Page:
PHPDocumentor is easy to use and requires just a couple of parameters to generate high quality API documentation.

user@server $: phpdoc \
  -o HTML:frames:earthli \
  -ric docs/README.txt \
  -ti "PHPDocumentor Example" \
  -dc MyCompany \
  -dn My_Amazing \
  -d application/models,application/forms,library/My \
  -i *.phtml \
  -t docs/api

Options used here:

  • -o HTML:frames:earthli defines the template to use, in this example we use the framed earthly HTML template
  • -ric docs/README.txt defines the README, INSTALL and CHANGELOG files
  • -ti "PHPDocumentor Example" provides the title
  • -dc MyCompany sets the default category if no category is being provided
  • -dn My_Amazing sets the default package if no package is being provided
  • -d application/models,application/forms,library/My defines the directories that contain the php code you want to document
  • -i *.phtml defines files that should be ignored when rendering
  • -t docs/api defines the location where the API should be generated
Running it on command line will look more or less like this


The result of it is that you get very nice documentation that can be handed out to all developers on your team, third party service providers building on top of your applications or new people on your team.

As you can see, isn't it great to have documentation with your code that requires not much of additional work? Don't forget, it's not just great to create smashing API documents, but it also helps your IDE as it will be able to give your more detail what kind of parameters and methods your classes provide and need.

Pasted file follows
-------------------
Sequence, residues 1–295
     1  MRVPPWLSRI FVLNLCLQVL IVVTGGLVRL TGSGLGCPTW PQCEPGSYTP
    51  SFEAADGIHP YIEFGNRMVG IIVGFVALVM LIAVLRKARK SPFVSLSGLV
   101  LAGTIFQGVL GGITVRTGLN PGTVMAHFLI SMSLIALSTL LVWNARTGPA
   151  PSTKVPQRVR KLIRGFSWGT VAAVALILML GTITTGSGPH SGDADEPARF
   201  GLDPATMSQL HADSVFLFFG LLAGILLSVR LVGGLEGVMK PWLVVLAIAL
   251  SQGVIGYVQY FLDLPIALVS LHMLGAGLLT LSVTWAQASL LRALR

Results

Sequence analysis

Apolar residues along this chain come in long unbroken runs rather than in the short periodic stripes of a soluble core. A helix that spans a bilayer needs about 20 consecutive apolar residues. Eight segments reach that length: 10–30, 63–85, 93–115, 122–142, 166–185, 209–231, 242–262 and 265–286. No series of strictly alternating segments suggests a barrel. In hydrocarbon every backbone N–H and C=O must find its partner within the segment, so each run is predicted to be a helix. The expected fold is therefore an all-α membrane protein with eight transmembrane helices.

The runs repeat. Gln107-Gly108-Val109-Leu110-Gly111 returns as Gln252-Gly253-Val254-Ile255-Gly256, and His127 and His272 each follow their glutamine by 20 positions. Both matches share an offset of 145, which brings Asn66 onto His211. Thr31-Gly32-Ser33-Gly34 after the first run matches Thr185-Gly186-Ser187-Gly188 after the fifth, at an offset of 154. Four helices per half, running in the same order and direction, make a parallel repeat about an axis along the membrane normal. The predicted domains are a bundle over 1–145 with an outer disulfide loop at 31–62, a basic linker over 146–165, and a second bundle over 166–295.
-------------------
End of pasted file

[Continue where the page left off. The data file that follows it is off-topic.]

14 comments:

  1. I would not recommend PhpDocumentor anymore, because its quite outdated and it seems, that there is no development anymore.

    ReplyDelete
  2. Great post! I'm subscribing to it. I'm just a newbie, but I've been learning php basics for few weeks now. Your post makes me realize how important documentation is on your scripts. Thanks for the post!

    ReplyDelete
  3. > @param float $latitude The latitude of the spot
    This is a bad description, something that I could figure out from the method name ("findTheSpot") and the parameter name itself.

    Better would be:

    > @param float $latitude Latitude of the spot in degrees , ranging from +90.0 (north) to -90.0 (south)

    ReplyDelete
  4. Also see http://blog.liip.ch/archive/2011/07/26/phpdoc-compilers-and-inheritdoc.html for a list of PHP documentation generators.

    ReplyDelete
  5. Hi,

    a good alternative to PHPDocumentor - since it seems to have been abandonned for more than 3 years now - is Doxygen (http://www.doxygen.org)
    It does the same thing, is quite configurable with a simple conf file, and is still maintained.

    Oh, and many thanks for your quality assurance series, it is really interesting and useful ! :)

    ReplyDelete
  6. Hey Mike, thanks for mentioning DocBlox!

    It is worth mentioning that phpDocumentor does not support 5.3+ features such as namespaces.
    DocBlox and Doxygen both support these new features.

    (I am not going to comment on which one does a better job; I am biased ;))

    ReplyDelete
  7. "no time, too many things need to be done between releases"

    That is the only reason i can understand. It's not a good reason, but i can understand how deadlines can cause these things.

    All other reasons were quite shocking, to be honest.
    If a developer doesn't know why he should be documenting, something is very wrong.
    If a company charges extra for documentation (i'm assuming we're talking about code documentation here) there's something even more wrong.

    ReplyDelete
  8. Very nice post Michelangelo! Documentation is definitely important for coding productivity. The documentation should contain good information to assist coders to get their work done.

    Last time I used Phpdocumentor for a large PHP project, it got overloaded, ran for a very long time, and used all the memory on my workstation until phpdoc finally crashed. I think we need another tool that is more efficient.

    I tried getting Doxygen to process PHP code, but couldn't figure out the right options and I ran out of time. Have you gotten Doxygen or the other tools you mention to work as a substitute for phpdoc?

    If you have interest in doing that, and comparing them in terms of compatibility, processing time, memory usage, and quality of output, that would be a truly great blog post.

    ReplyDelete
  9. Anonymous29/7/11 00:25